Wills and Estates



What could a Will actually do for you?

Whether you are young or old, things happen, often very unexpectedly. The Will is a legal document which speaks for you if you are no longer here to speak for yourself.
It covers two important things:
  • It lays down clear guidelines as to what you choose to be done about everything of yours; and also
  • It sets out who you want to take charge of your affairs and empowers them to do as you have directed.
A Will is powerful and a properly drawn and prepared Will can and does make things so much easier for all who you care about to deal with things the way you want them done if something happens to you. Just as most people have insurance in place for their home, car or other possessions, against events which they do not expect to ever happen, so a Will is a powerful (and much cheaper) piece of insurance which plans for the unexpected.
Unfortunately, we see in the course of our work the problems which arise and the huge and unnecessary expense and difficulties people face if proper arrangements have not been made. Frequently the more unlikely it is that a problem will arise, the more difficult and painful the resulting situation is for all concerned if it does.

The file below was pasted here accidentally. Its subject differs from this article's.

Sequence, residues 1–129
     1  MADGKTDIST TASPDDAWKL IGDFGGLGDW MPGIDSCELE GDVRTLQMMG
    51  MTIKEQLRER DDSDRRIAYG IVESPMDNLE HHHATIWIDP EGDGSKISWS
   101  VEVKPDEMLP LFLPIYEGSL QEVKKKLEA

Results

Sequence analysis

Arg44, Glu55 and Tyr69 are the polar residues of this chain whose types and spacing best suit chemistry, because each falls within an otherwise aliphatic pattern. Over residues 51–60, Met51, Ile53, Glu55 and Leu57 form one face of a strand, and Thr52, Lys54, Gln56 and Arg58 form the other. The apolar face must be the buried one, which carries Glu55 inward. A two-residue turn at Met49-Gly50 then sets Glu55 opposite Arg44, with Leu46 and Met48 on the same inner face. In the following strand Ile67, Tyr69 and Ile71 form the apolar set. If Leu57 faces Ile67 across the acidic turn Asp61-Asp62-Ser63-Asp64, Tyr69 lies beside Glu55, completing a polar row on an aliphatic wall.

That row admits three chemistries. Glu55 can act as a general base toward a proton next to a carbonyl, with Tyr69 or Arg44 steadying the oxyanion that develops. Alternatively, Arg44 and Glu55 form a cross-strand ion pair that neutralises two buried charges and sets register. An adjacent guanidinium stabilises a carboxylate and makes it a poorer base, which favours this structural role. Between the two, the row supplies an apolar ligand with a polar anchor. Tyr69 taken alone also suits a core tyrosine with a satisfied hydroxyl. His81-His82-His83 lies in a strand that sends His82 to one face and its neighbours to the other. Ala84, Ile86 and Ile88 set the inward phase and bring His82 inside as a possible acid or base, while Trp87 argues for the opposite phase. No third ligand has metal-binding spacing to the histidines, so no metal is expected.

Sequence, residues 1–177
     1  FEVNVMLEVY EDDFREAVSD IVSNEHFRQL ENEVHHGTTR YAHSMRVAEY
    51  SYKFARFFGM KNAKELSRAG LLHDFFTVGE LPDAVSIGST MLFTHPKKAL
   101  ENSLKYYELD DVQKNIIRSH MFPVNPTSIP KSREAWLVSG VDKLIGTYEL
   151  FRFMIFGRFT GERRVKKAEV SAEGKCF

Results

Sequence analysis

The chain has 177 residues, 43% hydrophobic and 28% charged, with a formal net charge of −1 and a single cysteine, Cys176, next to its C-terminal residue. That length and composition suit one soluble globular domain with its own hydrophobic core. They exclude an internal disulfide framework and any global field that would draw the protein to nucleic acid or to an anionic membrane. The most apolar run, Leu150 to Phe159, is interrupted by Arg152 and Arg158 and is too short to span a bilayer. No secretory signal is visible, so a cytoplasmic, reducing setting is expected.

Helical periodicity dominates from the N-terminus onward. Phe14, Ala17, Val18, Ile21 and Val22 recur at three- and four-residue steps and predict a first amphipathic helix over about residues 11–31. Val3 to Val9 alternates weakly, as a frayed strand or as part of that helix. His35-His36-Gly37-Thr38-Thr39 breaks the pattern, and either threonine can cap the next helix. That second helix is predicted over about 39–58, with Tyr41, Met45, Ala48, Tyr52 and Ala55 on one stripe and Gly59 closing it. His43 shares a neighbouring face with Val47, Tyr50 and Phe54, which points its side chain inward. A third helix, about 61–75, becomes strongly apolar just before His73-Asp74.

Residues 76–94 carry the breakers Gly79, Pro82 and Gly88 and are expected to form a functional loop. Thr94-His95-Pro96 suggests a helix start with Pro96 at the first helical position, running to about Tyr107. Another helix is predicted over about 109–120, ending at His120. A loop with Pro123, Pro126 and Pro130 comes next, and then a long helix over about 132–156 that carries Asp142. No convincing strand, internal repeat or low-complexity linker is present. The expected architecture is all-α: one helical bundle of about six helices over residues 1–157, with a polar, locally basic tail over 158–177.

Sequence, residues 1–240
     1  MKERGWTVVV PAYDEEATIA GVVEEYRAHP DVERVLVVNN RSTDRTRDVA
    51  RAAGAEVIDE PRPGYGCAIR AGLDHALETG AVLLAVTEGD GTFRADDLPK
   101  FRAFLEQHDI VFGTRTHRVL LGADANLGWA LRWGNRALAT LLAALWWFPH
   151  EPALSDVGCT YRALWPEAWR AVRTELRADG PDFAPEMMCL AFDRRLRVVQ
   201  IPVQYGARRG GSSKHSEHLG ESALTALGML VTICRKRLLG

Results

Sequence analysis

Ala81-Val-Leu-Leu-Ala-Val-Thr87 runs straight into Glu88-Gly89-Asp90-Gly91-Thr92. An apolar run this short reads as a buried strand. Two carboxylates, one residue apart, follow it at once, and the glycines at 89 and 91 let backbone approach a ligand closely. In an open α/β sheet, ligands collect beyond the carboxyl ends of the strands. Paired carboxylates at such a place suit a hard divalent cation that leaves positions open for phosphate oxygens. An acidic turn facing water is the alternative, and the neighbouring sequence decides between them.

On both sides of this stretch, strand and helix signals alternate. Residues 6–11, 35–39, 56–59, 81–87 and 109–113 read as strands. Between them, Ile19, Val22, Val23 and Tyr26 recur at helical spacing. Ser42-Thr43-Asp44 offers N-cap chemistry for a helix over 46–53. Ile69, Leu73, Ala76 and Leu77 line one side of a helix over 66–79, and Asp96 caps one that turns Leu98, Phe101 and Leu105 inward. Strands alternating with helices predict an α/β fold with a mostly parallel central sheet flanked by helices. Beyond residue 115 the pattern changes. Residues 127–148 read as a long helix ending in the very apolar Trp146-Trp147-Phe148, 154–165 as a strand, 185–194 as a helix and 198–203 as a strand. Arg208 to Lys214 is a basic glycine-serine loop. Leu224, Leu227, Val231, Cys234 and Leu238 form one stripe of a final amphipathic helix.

It is especially important for anyone who now has, or may later have, young children. This is because in the Will you can appoint one (or more) testamentary guardians who have the legal power to speak up on behalf of your children and see that their interests are being looked after – even if one parent is still caring for the children.

Key facts

Some things which are good to know:
  • If a person dies and either does not have a Will at all or the Will is not fully valid, then this can create (and commonly does) avoidable problems and expenses if there are any assets at all. It also means that the allocation of any net assets in the Estate is governed by a formula (laid down in the Administration Act) which may or may not be what you would like or even agree to between themselves. If there are no eligible family members in that case then it all goes to the Government.
  • Some people, as well as making a Will, also have a document prepared called a “Living Will” or an “Advance Directive”. These spell out your wishes as to how you are to be cared for while you are still alive if you become very sick and incapable of speaking for yourself or properly making decisions on your own behalf, such as your wishes regarding life-support.
  • Often people believe that if there is a Power of Attorney their attorney can continue to look after their affairs if they have died. Unfortunately, this is not so: almost all types of power of attorney come to an end on the death of the person who granted the power. At that point, the holders of the power of attorney can do no more and must stop acting. Powers of attorney are useful in their own right, and in fact holding valid current powers is a requirement in some situations – but they only apply during your life.